In the medical world, the saying “time heals all wounds” should be changed to “time heals some wounds.” Chronic or long-lasting wounds need intervention, along with time, to heal properly.
Likely candidates for chronic wounds
Patients with non-healing wounds usually have other underlying conditions, like diabetes, poor arterial or venous blood flow, or problems with sensation.
People who have diabetes are susceptible to chronic wounds because they may have poor blood supply and/or limited sensation at the area of the wound. When these wounds are in the hands or feet, they can lead to amputation if not treated properly.
“We see the whole spectrum of wounds,” said Dr. Michael Caldwell, a wound surgeon at Marshfield Clinic Health System and the director of the Health System’s Center for Hyperbaric Medicine and Tissue Repair. “We treat any wound that is persistent beyond six weeks after its beginning.”
Wounds that don’t heal put patients at risk for limb loss, body tissue loss and worsening infections that could lead to death.
A proactive approach to wound treatment
Marshfield Clinic Health System’s approach to chronic wounds is to treat the underlying cause that is making the wound persistent and aggressively close the wound through advanced techniques including surgical closure.
“Once damaged and infected tissue is removed and underlying problems are corrected, chronic wounds still take about 12 weeks to heal with standard wound care,” Caldwell said. “Advanced techniques that employ tissue engineering, growth factors and wound surgery can be used to get them to heal faster.”
One of the challenges of wound healing is that chronic wounds often occur where people put consistent pressure, like their feet or backside. In order to promote healing, that pressure has to be relieved.
“In order to get wounds to heal, we frequently have to modify a patient’s behavior to take pressure off the wound,” Caldwell said. “That can mean not walking or sitting, which takes people away from work and their normal daily activities. That’s why we try to be as proactive as possible to close wounds.”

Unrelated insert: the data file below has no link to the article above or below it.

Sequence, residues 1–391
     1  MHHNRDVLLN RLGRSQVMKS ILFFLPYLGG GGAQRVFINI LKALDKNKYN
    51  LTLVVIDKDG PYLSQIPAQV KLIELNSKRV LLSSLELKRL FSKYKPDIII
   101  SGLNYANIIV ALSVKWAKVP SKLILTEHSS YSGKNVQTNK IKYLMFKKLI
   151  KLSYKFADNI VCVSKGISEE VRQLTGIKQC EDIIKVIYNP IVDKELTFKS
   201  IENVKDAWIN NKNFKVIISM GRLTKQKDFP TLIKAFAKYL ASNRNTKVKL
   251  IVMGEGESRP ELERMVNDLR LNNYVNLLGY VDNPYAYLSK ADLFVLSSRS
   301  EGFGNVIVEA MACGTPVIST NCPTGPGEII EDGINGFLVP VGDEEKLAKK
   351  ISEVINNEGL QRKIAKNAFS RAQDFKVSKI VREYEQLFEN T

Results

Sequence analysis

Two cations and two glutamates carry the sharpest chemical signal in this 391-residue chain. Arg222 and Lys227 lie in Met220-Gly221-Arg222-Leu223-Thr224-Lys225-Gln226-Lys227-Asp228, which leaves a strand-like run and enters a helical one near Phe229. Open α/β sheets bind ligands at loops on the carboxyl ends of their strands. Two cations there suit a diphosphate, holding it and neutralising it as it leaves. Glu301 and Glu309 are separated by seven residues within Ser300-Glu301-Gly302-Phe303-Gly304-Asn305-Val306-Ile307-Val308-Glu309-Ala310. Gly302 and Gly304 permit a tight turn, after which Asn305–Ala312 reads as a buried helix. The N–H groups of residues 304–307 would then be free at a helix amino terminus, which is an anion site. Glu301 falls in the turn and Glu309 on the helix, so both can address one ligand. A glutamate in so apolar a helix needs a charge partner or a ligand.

Hyperbaric oxygen therapy
Hyperbaric oxygen therapy has many beneficial medical applications, including helping with healing of chronic wounds.
In a hyperbaric chamber, a patient breathes pure oxygen, and the atmospheric pressure is increased much higher than normal air pressure. Under these conditions, lungs can gather more oxygen than would be possible breathing pure oxygen at normal atmospheric pressure.
Think of it as packing more oxygen molecules into each breath,” Caldwell said. “Your blood carries this oxygen throughout your body. This helps fight bacteria, stimulates new blood vessel growth and the release of substances called growth factors and stem cells, which promote healing.”
Your body’s tissues need adequate supply of oxygen to function. When tissue is injured, it may require even more oxygen to survive. Hyperbaric oxygen therapy increases the amount of oxygen your blood can carry. An increase in blood oxygen temporarily restores normal tissue metabolism and function to promote healing and fight infection.
Hyperbaric oxygen therapy is used to treat several medical conditions, and your doctor may suggest it if you have one of the following:
- Severe anemia
- Brain abscess
- Bubbles of air in your blood vessels
- Decompression sickness (Bends)
- Carbon monoxide poisoning
- Crush injury
- Sudden deafness
- Severe infection of skin or bone with tissue death
- Chronic non-healing wounds, such as diabetic foot ulcers
- Radiation injury
- Skin graft or skin flap at risk of tissue death
- Sudden and painless vision loss
If you’ve been dealing with a chronic wound or an issue that could be addressed with hyperbaric therapy, talk with your primary care provider.